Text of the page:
Pages: pp. 4-5
Abstract—Organizations must deal with a growing number of regulatory issues, and at the same time not miss the opportunities in new technologies like Web services.
Once again, I welcome all of you to a new year of IT Professional. This year the world of information technology continues to turn the corner and steadily grow into a more secure, less vulnerable, and more reliable state of operation.
Because I am in my final year as editor in chief, I want to say that it has been a privilege to serve you as EIC since 2002. For me personally, it has been a learning experience much broader than I would have imagined. I have learned a tremendous amount through reviewing the many articles that IT Pro has published and through the verbal interaction I have had with the editors, advisory board members, the Computer Society staff, the authors, and you, our readers, when articles of interest crossed your desks. I especially want to thank my associate EICs, Jay Bragg and Jeff Voas, for their outstanding contributions in soliciting articles and maintaining order in the editorial process. They have been invaluable to me and to the magazine's success.
I also want to thank the unseen heroes of IT Pro's issues, our peer reviewers. Without their diligence and support, the articles that you read might not have held up to your scrutiny and standards of integrity. The reviewer's role is critical to this community and helps IT Pro maintain its credibility within the broad spectrum of material that fits into IT. Considering just the topics in this past year, you can see that the material and expertise required by our reviewers has been extensive and broad. In 2004, IT Pro covered business alignment, distance learning, ethics, grid computing, information extraction, outsourcing, spyware, storage technology, and (of course) wireless technology. In covering this realm successfully, IT Pro's editors and peer reviewers deserve a medal, and I truly thank them all for their support.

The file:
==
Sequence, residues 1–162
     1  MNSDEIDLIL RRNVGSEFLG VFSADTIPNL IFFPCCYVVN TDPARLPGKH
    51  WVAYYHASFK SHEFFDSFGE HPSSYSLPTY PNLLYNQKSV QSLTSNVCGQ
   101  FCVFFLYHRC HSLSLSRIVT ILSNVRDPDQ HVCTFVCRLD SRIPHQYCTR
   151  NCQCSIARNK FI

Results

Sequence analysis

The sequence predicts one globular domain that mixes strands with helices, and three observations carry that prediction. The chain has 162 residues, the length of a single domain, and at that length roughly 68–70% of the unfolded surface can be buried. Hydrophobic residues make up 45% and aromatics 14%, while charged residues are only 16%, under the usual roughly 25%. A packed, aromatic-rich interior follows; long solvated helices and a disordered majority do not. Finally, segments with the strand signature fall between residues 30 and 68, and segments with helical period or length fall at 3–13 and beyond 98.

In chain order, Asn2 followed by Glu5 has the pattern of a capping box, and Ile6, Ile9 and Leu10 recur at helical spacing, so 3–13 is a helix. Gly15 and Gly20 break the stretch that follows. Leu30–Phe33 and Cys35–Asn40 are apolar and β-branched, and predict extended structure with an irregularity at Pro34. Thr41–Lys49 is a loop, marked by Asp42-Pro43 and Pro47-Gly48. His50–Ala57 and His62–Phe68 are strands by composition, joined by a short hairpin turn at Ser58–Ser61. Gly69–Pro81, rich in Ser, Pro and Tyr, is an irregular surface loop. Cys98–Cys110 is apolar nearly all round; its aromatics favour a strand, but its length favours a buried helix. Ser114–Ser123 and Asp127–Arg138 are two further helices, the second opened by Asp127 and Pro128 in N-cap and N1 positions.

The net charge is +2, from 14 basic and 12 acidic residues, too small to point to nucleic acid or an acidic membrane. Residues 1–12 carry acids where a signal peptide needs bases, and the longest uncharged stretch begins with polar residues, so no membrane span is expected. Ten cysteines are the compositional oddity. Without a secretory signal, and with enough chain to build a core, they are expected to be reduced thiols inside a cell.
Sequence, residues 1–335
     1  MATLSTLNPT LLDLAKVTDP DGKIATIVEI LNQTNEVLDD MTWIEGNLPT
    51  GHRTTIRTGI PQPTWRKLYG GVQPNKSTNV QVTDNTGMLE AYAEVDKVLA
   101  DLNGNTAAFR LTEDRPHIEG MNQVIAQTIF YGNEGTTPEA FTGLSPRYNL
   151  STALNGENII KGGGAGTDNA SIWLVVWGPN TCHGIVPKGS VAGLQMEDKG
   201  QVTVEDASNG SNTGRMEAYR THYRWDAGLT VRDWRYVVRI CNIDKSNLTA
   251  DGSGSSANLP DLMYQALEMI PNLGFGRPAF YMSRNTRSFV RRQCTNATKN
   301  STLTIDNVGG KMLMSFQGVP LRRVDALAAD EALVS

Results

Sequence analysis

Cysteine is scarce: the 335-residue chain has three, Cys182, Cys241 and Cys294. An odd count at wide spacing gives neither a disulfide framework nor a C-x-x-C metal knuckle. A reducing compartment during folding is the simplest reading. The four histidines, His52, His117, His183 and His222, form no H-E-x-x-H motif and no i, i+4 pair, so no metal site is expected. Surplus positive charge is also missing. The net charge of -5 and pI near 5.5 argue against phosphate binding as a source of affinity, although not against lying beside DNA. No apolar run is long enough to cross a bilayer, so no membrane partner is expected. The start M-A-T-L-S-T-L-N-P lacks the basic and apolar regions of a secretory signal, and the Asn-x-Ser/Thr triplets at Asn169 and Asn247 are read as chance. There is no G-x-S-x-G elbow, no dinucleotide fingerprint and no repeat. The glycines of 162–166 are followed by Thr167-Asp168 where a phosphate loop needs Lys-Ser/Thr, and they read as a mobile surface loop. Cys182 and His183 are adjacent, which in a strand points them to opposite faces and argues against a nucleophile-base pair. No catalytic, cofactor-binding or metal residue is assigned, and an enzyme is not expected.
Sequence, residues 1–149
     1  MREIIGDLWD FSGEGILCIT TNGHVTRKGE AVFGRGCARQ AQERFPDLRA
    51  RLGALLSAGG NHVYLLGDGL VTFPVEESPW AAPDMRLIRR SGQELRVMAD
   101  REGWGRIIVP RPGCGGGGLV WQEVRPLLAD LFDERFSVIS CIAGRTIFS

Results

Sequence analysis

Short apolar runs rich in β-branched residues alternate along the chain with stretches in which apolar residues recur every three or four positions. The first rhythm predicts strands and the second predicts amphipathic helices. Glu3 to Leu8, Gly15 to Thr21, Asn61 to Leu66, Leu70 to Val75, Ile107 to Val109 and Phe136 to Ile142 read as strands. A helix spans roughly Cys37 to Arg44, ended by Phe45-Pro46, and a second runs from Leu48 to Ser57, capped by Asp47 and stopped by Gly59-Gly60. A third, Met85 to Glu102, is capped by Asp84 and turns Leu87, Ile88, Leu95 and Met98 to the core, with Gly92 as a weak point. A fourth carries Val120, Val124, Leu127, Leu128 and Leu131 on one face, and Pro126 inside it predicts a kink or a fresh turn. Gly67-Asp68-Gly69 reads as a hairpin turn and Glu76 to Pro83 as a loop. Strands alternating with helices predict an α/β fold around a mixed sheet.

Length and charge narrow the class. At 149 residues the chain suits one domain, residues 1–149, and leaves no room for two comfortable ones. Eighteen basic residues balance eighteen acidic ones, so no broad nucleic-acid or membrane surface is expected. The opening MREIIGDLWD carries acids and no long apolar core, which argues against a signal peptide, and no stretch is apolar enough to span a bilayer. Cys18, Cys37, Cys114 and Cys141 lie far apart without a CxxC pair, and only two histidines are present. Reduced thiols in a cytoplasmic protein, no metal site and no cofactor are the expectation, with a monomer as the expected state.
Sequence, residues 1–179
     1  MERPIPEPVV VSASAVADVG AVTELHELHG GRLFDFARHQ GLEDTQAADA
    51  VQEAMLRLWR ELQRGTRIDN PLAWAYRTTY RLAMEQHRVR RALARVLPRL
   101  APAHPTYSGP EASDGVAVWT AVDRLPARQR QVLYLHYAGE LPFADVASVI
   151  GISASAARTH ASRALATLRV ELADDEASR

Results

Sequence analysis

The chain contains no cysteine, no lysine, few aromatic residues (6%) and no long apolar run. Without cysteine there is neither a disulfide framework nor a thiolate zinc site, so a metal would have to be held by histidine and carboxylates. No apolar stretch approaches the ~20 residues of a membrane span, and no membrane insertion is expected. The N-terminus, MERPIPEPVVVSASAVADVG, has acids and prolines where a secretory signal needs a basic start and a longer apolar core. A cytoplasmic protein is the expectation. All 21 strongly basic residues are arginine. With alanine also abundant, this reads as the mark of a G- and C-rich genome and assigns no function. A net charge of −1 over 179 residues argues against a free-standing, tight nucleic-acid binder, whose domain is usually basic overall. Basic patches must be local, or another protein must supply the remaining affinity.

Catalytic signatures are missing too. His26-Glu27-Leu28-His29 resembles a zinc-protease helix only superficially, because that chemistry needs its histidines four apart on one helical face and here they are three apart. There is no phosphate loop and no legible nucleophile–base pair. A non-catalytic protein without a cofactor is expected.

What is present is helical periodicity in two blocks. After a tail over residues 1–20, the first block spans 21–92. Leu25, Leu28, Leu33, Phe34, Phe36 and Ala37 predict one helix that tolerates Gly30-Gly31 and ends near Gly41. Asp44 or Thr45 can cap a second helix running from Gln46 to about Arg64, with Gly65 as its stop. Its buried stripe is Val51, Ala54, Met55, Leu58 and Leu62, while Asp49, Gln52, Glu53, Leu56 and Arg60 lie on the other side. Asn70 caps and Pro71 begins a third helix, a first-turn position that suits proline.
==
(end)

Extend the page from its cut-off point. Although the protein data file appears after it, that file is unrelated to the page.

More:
If you haven't noticed, our issues do not have just a single theme. Rather, the editorial board and I have endeavored to identify a theme for each issue coupled with floating articles or topics that either extend information on past themes, or introduce readers to new innovations or hot topics of interest. We intend the topics (as we refer to them) to be more descriptive of services or tools that IT professionals need. We hope that this mix of themes and topics appeals to you, and we welcome comments.
Of course, our editorial columns aim to entice you to comment so that we can start a discussion with you and hopefully learn from that open discussion. In addition, we have had the opportunity to introduce new topics—grid computing and Web services—to explore your interest and to provide a platform for information flow to you in this vital area. We were fortunate to have our expert in this field, Liang-Jie Zhang from IBM's T.J. Watson Research Center, to support the gathering of articles and to lead us in this area.